First social skills framework for robots developed at MIT
In yet another example of how clairvoyant Isaac Asimov's Three Laws of Robotics were, MIT researchers have managed to create what could end up being the first social interaction framework for robots. Their goal is to try and make the machines consider not only their task at hand but also how their actions would affect others. The mathematical model of the framework splits the robots into three basic categories, or "levels."
A level 0 machine performs its tasks without recognizing a common goal. The next, level 1 robots, can cooperate on common goals but assume that only they can interact in such a manner. The most sophisticated level 2 robots would know that other machines around have social skills, too, and partner up on dealing with a task faster, for instance. As per Ravi Tejwani, research assistant at MIT’s Computer Science and Artificial Intelligence Laboratory:
We have opened a new mathematical framework for how you model social interaction between two agents. If you are a robot, and you want to go to location X, and I am another robot and I see that you are trying to go to location X, I can cooperate by helping you get to location X faster. That might mean moving X closer to you, finding another better X, or taking whatever action you had to take at X. Our formulation allows the plan to discover the ‘how’; we specify the ‘what’ in terms of what social interactions mean mathematically.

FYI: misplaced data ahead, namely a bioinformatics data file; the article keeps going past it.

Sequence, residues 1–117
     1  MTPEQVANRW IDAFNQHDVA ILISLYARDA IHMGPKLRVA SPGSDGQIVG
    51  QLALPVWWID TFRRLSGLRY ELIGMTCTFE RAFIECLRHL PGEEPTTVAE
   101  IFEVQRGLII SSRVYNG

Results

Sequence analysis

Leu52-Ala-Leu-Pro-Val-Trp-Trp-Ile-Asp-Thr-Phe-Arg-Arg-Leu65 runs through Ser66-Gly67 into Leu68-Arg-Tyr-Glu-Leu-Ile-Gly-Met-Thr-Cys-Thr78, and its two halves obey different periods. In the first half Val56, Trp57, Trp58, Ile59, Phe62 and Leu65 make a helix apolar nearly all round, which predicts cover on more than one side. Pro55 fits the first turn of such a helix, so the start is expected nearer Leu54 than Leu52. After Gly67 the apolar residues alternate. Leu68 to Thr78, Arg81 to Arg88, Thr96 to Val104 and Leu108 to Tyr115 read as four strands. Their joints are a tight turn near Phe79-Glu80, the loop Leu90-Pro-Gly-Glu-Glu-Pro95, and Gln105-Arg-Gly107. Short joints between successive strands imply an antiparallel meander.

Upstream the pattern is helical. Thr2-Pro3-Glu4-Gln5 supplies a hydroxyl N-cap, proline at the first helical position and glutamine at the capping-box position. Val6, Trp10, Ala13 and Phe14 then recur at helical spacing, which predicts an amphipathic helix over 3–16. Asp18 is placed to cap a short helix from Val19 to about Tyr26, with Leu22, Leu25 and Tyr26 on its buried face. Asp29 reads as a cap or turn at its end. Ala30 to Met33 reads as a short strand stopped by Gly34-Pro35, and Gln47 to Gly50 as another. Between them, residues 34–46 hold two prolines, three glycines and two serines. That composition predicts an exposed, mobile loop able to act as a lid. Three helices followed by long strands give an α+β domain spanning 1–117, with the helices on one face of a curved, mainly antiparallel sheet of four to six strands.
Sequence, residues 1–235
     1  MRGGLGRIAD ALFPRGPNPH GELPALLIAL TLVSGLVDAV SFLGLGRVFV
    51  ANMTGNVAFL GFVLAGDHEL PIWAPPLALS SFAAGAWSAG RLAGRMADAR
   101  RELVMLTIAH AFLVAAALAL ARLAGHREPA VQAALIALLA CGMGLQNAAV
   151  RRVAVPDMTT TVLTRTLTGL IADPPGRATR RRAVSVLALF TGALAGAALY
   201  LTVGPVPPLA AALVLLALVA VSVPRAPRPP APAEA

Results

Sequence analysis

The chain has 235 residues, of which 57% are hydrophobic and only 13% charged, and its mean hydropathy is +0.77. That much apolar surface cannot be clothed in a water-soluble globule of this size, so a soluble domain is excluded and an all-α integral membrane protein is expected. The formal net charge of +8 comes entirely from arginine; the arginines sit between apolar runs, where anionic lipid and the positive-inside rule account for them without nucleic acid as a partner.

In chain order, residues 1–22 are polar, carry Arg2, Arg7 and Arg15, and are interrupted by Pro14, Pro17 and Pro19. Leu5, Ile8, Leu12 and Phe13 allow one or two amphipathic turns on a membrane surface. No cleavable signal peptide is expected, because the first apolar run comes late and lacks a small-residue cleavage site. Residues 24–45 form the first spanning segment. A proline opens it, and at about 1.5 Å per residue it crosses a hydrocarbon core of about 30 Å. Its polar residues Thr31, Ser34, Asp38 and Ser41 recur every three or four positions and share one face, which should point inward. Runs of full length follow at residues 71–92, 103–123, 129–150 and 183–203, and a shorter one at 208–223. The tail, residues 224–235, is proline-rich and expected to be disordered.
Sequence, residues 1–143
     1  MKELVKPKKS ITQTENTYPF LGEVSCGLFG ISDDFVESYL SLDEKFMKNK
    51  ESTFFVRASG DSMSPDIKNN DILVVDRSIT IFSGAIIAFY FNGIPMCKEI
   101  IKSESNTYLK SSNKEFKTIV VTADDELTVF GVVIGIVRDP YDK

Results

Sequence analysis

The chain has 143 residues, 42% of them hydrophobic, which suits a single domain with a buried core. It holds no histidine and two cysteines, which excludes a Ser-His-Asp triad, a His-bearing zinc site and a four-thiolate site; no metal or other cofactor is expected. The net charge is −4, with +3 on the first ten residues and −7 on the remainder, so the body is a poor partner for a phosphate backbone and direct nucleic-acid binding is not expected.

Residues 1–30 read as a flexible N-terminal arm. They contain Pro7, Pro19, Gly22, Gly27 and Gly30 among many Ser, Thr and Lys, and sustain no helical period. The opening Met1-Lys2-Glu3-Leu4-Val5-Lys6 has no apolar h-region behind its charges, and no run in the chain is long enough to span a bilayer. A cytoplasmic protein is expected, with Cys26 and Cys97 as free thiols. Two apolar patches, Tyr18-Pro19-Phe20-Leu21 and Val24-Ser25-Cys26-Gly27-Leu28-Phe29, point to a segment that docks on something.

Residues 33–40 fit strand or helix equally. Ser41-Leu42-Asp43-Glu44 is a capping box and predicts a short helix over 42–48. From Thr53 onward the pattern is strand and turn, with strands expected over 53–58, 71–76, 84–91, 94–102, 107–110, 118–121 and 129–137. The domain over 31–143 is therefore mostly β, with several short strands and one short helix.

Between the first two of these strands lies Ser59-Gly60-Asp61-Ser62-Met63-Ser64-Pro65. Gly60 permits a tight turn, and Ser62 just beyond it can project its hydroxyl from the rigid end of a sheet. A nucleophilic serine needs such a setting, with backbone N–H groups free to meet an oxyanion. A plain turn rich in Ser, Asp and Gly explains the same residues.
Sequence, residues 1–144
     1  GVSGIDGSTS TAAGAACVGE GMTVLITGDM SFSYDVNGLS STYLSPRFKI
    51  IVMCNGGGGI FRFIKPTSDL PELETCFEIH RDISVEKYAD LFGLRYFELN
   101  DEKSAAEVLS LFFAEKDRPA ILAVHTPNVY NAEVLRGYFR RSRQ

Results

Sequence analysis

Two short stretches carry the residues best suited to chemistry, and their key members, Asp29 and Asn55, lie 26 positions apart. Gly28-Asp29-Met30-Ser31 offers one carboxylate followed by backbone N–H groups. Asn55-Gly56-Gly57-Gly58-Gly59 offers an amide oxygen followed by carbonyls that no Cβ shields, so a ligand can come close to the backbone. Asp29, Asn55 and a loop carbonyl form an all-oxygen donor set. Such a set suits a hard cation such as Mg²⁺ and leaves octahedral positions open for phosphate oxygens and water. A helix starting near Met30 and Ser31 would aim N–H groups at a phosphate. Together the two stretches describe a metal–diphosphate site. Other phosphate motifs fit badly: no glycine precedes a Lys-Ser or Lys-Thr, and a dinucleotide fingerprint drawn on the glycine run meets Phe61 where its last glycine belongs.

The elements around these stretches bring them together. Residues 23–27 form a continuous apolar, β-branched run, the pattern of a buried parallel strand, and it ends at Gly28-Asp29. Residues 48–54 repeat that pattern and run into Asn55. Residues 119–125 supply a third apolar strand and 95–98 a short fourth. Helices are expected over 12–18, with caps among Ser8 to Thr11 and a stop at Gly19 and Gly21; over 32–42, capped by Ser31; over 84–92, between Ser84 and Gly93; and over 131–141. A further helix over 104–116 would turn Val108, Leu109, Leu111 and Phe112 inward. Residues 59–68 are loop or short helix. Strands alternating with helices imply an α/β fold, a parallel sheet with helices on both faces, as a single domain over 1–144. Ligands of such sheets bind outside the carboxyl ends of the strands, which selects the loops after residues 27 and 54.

To test if their mathematical framework for giving robots social skills matches the human understanding, the researchers showed volunteers videos of 0-2 level robots interacting. In most cases, the human perception of the types of interaction happening was in sync with the model. Boris Katz, a member of MIT's Center for Brains, Minds, and Machines, says in comments on the framework's viability:
Robots will live in our world soon enough, and they really need to learn how to communicate with us on human terms. They need to understand when it is time for them to help and when it is time for them to see what they can do to prevent something from happening. This is very early work and we are barely scratching the surface, but I feel like this is the first very serious attempt for understanding what it means for humans and machines to interact socially.
For now, the robot's social interactions are a 2D environment simulation, but the framework will be expanding into 3D realms like "manipulation of house objects" and also test the concept of failure.